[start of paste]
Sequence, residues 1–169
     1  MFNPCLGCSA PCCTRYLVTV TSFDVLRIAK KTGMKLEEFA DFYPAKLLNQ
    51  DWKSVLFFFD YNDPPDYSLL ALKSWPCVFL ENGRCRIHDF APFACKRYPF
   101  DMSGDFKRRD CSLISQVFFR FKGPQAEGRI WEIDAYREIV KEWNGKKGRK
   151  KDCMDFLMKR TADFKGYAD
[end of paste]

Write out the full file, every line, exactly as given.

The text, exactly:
Sequence, residues 1–169
     1  MFNPCLGCSA PCCTRYLVTV TSFDVLRIAK KTGMKLEEFA DFYPAKLLNQ
    51  DWKSVLFFFD YNDPPDYSLL ALKSWPCVFL ENGRCRIHDF APFACKRYPF
   101  DMSGDFKRRD CSLISQVFFR FKGPQAEGRI WEIDAYREIV KEWNGKKGRK
   151  KDCMDFLMKR TADFKGYAD